“Ah, well,” he said sincerely, “if that’s how you feel, I suppose. But you surely do deserve the attention! That was incredible, the way you handled that situation.”

“Why, thank you,” she replied, her smile stretching half an inch wider. It was beginning to look almost unnatural; Schwartz’s own expression was becoming more uncertain under her unblinking stare. “You know, I usually take great care not to burn bridges, but what the hell. It’s been quite a run, as you said, and I’m in a good mood. And it’s not as if we’re likely to see one another again.”

“I, uh…” He glanced down at his hand again and tugged it more firmly, to no avail. Jenell was beginning to look downright panicked; Meesie had fallen silent and was standing on her toes atop his head, back arched and fur puffed like a scared cat. “I don’t think I quite understand…”

“I am pretty incredible, Schwartz. I’m cunning, well-connected, and more than a match for most opponents in a fight.” Her smile was unwavering, eyes wide, but pupils narrowed almost to pinpricks.

“Um. I…”

Basra lashed out with her other hand, seizing Jenell by her regulation bun and hauling her forward. The Bishop twisted her head around, still keeping a grip on Schwartz’s arm, and kissed Jenell full on the mouth, hard.

Jenell’s eyes were wide and panicked; after only a second, she squeezed them shut, unresisting. A second later and she forced herself to relax against the taller woman’s grip.

Schwartz gaped at them, ashen-faced, from barely two feet away, Meesie absolutely rigid in his hair.

Basra abruptly released Jenell and, with a contemptuous jerk of her hair, shoved her away.

“Which you should keep firmly in mind,” she said pleasantly to Schwartz as though nothing had interrupted their discussion, “the next time you get the urge to put your grubby little fingers on someone else’s things.” Basra held his aghast gaze for two seconds of silence, smiling, before continuing. “If you forget, just keep in mind that you won’t be the one paying for it.”

“You—” He broke off, choking, and swallowed; Meesie actually burst into flames, which didn’t so much as singe his hair. “You can’t—”

“Covrin,” Basra said calmly, keeping her eyes locked on Schwartz’s, her fingers digging into his wrist. “How’d you like a change of assignment? If you are at all tired of working with me…under me…just say the word. You may pick any unit in the Silver Legions and I’ll pull every string I can reach to make it happen. Well? What do you say?”

Jenell’s face was white and her posture rigid, eyes fixed on the ground. “No, ma’am.”

“I’m sorry, I didn’t catch that? Do speak up.”

“No, ma’am.”

“Say it, Jenell,” Basra snarled with such abrupt ferocity that both of them flinched back from her.

Jenell drew in a deep breath, squared her shoulders. “I am happy with my current assignment, your Grace. I’d prefer to remain in your service.” She stared straight ahead, refusing to look at either of them.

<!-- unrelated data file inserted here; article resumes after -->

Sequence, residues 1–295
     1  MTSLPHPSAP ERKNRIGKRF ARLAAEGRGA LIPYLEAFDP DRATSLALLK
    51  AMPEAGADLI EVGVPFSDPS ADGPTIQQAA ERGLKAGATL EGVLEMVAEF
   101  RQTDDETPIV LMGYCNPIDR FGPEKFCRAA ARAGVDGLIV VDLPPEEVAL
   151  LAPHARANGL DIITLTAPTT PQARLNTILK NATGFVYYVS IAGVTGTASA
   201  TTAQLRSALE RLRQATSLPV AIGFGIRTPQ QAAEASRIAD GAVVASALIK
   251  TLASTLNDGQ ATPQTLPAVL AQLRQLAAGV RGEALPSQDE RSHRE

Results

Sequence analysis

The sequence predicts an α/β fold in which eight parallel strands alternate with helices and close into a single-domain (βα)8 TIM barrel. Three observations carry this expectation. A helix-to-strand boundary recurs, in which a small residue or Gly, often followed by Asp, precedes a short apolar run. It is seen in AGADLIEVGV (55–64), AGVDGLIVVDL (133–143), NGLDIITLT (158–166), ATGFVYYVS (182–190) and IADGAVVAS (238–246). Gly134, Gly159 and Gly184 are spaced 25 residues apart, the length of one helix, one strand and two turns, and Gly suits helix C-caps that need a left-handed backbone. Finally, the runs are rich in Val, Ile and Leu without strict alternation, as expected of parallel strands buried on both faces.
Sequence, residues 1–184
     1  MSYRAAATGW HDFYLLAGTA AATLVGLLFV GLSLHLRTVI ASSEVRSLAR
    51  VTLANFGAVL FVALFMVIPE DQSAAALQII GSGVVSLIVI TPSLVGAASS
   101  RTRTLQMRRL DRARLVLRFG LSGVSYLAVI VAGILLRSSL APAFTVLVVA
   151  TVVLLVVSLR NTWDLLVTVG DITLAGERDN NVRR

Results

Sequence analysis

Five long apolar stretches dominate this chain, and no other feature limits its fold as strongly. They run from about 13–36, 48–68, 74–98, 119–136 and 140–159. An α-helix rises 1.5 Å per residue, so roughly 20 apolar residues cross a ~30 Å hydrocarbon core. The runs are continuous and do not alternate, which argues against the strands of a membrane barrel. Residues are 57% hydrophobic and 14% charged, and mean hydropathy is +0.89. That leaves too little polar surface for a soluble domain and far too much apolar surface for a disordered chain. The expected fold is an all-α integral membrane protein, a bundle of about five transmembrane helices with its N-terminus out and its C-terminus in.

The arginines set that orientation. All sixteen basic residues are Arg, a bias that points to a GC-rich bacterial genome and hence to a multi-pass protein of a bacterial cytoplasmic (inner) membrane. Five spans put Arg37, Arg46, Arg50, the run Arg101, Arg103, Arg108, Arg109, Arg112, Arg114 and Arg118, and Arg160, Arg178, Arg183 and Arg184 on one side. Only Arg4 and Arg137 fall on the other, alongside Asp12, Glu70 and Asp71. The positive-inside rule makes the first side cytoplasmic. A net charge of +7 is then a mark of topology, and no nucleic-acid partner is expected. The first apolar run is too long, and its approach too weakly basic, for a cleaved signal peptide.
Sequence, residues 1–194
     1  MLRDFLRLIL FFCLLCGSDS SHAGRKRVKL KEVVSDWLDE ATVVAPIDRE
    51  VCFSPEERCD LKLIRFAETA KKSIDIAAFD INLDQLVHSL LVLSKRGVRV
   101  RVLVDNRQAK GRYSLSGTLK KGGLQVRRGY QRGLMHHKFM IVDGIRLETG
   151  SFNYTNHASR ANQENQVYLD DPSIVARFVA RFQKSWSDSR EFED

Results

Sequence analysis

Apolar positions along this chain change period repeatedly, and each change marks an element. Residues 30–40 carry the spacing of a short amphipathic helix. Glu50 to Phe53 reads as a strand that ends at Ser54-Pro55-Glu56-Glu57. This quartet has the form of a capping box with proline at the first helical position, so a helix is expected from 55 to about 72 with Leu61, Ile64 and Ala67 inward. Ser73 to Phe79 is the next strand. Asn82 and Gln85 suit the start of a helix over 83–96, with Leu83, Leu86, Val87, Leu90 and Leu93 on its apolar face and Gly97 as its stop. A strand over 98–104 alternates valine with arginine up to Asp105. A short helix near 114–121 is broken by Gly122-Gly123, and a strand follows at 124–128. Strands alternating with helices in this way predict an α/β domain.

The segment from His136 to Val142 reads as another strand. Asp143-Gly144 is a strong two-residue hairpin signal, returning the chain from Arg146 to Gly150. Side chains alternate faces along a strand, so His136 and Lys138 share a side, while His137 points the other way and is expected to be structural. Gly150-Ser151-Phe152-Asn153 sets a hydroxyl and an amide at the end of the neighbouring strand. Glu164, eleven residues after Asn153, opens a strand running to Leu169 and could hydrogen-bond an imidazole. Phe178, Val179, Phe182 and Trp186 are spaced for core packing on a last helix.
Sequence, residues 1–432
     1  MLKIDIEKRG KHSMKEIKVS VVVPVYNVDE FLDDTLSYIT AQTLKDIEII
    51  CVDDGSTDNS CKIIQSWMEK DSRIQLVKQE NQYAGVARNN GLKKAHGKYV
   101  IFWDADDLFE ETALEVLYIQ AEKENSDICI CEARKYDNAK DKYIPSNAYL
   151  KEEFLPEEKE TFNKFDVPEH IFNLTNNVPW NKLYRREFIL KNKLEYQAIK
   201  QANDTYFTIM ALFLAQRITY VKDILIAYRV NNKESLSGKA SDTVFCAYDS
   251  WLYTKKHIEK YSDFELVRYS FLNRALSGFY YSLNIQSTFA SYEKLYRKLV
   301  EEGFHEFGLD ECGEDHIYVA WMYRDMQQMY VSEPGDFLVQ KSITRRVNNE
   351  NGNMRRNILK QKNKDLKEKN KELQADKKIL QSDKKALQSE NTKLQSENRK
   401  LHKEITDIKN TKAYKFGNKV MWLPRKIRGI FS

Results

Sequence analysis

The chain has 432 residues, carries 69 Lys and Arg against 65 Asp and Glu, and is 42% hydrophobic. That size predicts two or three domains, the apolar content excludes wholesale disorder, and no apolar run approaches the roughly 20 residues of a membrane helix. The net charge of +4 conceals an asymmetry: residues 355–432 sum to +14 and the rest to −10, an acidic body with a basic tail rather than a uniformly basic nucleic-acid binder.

“Well, there you go,” Basra said lightly, again smiling. “Get in the carriage.”

Jenell stepped past them without another word, swiftly climbing into the driver’s seat.

“Thank you for all your excellent work, Mr. Schwartz,” Basra said with a kind smile. “Best of luck in your future endeavors.”

She strolled off at a leisurely pace, lifting herself into the passenger seat and sprawling idly with one arm draped over the side of the carriage, a picture of relaxation.

Squealing with rage, Meesie bounded down to Schwartz’s shoulder and then launched herself after Basra in a flaming, flying tackle. Schwartz deftly caught her in midair, where the little fire-mouse struggled against his fist, squeaking furiously and putting off sparks which clearly did him no harm. Aside from that one motion of his arm, Schwartz stood as if petrified, staring emptily at the two women in the carriage.

It hummed to life, and a moment later pulled forward through the gate, heading off down the road to the town and the Rail station below. Neither of them looked back.

Long moments stretched past, the last crimson sunlight fading and the garden courtyard falling into true dusk. Fairy lamps set in sconces around the walls came to life, changing the color of the light. All the while, Schwartz stood poleaxed in place, gazing out the open gate. Meesie finally stopped thrashing and sparking, her fire dissipating until she glowed with only her usual soft, red glimmer. Eventually, she did manage to wriggle free of his frozen grip, whereupon she climbed back up his arm to his shoulder and pressed her front paws to his cheek, cheeping worriedly.

At last, Schwartz shook himself off. Quite suddenly, his blank expression fell into a resolute frown. He reached up, patted Meesie reassuringly, straightened his robe, and took a step toward the gate.

“Going somewhere, Mr. Schwartz?”

He paused, turning back to the Abbey’s door. Abbess Darnassy had just emerged, limping along on her cane, and began the process of navigating the short stairs one careful step at a time, her piercing gaze never leaving him.

“I…” He swallowed and squared his shoulders. “I’m sorry, I have to be going. Thank you for your hospitality, Abbess.”

“Just a moment, if you please.”

“I really need to go. Goodbye.” He turned and made two more steps.

“Young man, get back here this instant.”

Schwartz was halfway back to her before he seemed to realize what he was doing; his face fell into a scowl partway, but after a brief hesitation in his step, he kept going, arriving before the Abbess just as she reached the ground.

“Well, good,” she said with a smile. “You respect your elders, anyway.”

“Reflex,” he admitted. “You sounded alarmingly like my mother just then.”